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Rehabilitation Programs Division

Volunteer Services Program

2011 Governor’s Criminal Justice Volunteer Service Awards

John “Zeke” Young
Carol S. Vance Volunteer of the Year

Photo of Award Winner(s)

In 2000, the Ferguson Unit in Midway, Texas, acquired a new volunteer that “hit the door running!” Zeke Young, along with his team of volunteers, began visiting offenders that were assigned to administrative segregation. Administrative segregation houses offenders commonly considered the worst of the worst. Mr. Young and his ministry team, Less Than the Least Ministries, began going cell to cell ministering to the offenders and sharing the gospel of Christ. The unit chaplain fondly referred to these volunteers as the “Bar Hoppers.” This ministry group not only shared what they believed, but lived it out in this very challenging environment. Their testimony had a tremendous impact on these offenders as more than 30 were baptized after the first year while they were still assigned to administrative segregation. The ministry grew to providing services on Sunday mornings about six times a year. The impact of his ministry affected the entire unit.

Mr. Young’s ministry was not limited to the Ferguson Unit, as he began reaching out to other units across the state. It was also not limited to just being on the unit. In order to offer encouragement and hope to the greatest number of offenders possible, Mr. Young began a weekly radio program that offenders in both administrative segregation and general population could listen to in units as far as their band width could reach.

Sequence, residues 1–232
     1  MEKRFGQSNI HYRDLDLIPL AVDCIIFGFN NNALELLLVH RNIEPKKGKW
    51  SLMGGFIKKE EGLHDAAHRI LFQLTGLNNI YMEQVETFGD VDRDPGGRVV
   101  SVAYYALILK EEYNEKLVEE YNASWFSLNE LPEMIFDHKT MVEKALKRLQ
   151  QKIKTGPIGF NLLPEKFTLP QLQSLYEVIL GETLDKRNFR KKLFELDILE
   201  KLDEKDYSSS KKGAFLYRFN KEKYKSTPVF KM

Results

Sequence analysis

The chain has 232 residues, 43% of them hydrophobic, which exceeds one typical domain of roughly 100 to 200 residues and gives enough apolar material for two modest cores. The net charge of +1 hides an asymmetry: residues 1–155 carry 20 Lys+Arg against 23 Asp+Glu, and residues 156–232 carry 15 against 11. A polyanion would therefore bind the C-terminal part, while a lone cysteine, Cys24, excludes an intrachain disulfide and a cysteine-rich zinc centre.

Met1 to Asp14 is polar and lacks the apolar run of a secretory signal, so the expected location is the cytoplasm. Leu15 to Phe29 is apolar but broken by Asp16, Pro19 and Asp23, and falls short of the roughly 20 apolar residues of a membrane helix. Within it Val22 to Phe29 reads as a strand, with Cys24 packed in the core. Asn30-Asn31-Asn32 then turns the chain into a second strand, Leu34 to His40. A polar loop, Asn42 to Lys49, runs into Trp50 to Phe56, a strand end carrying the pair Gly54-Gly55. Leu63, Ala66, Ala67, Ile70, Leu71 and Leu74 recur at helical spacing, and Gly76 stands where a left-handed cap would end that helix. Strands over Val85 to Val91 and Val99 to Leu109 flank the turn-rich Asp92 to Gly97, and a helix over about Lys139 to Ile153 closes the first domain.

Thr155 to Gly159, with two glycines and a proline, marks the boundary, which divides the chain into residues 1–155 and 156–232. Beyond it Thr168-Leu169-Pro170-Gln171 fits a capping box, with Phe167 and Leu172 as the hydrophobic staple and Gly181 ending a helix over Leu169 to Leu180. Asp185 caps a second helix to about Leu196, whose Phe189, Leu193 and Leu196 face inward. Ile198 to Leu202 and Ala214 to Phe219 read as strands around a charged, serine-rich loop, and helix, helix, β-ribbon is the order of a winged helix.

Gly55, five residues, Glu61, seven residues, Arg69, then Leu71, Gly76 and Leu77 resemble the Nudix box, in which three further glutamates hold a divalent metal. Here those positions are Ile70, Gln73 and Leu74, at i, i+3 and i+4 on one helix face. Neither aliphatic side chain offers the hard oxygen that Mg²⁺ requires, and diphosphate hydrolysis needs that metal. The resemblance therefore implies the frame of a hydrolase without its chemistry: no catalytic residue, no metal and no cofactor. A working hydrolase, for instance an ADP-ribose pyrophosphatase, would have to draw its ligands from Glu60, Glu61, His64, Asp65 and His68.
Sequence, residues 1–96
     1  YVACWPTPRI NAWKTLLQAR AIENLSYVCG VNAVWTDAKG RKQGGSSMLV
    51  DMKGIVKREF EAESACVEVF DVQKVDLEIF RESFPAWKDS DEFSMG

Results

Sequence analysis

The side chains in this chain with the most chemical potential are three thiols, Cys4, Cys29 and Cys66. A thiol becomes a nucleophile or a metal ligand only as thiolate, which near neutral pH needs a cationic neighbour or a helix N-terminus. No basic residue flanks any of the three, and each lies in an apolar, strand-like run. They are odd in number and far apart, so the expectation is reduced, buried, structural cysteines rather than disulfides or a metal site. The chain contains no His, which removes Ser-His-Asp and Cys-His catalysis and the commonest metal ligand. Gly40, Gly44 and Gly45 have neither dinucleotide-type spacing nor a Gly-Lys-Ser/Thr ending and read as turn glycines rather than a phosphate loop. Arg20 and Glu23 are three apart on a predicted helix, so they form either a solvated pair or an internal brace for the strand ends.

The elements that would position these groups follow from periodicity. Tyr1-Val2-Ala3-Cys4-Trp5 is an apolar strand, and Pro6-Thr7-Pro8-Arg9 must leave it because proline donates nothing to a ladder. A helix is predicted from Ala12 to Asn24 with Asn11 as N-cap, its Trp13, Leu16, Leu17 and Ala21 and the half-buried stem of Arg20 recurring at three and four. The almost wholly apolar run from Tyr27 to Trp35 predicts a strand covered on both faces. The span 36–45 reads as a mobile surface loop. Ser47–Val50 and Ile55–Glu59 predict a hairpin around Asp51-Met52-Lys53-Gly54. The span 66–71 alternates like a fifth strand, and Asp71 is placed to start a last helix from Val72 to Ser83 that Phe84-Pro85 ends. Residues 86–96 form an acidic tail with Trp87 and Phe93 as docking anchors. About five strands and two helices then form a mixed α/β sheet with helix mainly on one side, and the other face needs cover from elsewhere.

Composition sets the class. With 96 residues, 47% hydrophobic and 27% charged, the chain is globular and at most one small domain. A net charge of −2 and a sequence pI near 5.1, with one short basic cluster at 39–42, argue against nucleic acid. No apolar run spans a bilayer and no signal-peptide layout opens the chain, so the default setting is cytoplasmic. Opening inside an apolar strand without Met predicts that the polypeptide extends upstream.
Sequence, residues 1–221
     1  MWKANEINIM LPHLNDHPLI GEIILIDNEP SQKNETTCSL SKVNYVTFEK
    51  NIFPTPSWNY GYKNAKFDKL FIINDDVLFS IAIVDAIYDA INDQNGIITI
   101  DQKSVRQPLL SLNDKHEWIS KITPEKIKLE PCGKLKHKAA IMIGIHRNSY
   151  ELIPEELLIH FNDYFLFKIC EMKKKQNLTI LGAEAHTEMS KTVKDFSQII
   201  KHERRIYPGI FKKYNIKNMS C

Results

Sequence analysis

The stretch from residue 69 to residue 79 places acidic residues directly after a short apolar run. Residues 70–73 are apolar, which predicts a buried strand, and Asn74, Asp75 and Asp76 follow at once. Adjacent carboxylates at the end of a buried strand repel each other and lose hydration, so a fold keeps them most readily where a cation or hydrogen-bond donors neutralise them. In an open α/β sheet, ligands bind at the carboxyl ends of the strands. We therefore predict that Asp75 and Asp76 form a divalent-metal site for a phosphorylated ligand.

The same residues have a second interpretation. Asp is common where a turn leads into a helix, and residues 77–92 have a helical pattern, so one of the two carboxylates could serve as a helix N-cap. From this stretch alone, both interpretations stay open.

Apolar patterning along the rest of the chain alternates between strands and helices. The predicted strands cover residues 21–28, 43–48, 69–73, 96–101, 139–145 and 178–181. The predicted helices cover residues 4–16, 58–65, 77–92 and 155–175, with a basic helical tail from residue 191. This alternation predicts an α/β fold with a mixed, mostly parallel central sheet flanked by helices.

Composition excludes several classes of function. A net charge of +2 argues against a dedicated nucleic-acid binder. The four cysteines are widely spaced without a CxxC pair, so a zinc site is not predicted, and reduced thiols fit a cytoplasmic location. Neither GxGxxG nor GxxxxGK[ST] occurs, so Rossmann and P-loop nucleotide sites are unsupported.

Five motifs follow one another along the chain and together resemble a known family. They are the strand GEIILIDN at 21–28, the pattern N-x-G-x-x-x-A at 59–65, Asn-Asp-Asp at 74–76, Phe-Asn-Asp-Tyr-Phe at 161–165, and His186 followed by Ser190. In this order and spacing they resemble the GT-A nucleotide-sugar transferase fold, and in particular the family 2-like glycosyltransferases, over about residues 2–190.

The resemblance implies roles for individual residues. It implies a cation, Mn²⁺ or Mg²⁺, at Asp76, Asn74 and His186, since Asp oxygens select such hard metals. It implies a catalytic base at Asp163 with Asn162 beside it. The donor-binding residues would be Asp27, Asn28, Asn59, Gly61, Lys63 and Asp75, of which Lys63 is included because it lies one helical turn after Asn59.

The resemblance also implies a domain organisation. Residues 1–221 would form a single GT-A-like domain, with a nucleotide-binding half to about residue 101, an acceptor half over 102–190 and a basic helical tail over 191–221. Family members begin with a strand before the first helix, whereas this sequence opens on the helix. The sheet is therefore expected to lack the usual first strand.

While volunteering on the Ferguson Unit, Mr. Young became concerned about the chapel, it was unusable having been condemned in 1989. Although a new roof had been put on the chapel in 2000, the inside was still in disrepair. With the energy and spirit unique to this dedicated volunteer, Zeke Young, with the support of his home church, Sagemont Church in Houston, began to push for donations to restore the unit’s chapel. He broadcast from his radio station the need to restore the chapel and he hosted banquets and volunteer appreciation events to raise money. He has been heard to say many times, “I’ll bang on every door if I have to!” At one point, to draw attention to the cause, he even committed not to cut his hair until the project was complete. Zeke Young was determined. Finally, in 2010, after raising $100,000.00, and with the participation of the state, the chapel at the Ferguson Unit was beautifully restored with state of the art sound equipment, a video system, musical instruments, office furnishings, a baptistery, and new seating for the congregation. Mr. Young was able to cut his hair, and the offenders, as well as others, have a place to worship in quiet dignity.

For his dedicated service to change lives and to offer hope to those considered less than the least, and for his determined efforts to ensure the offenders on the Ferguson Unit have a place to worship, Zeke Young has been selected as the Carol S. Vance Volunteer of the Year.

[Note: Cynthia Young, wife of Zeke Young, and mother to their son, Carey, went home to be with the Lord on February 7, 2011. Mrs. Young was also a volunteer and a great supporter of her husband’s service to the TDCJ. Cynthia knew before her death that Zeke would be receiving a Governor’s award for his dedicated volunteer service to the TDCJ. She was very proud of her husband.]

In 1999, the Texas Board of Criminal Justice named the Volunteer of the Year Award after Carol S. Vance, former TDCJ Chairman and Board Member, former TDCJ Programs Committee Chair, and current Chaplaincy volunteer (since 1996) at the Darrington and Jester Units. This award recognizes his many contributions in the development of rehabilitative programming offered to offenders to effect change.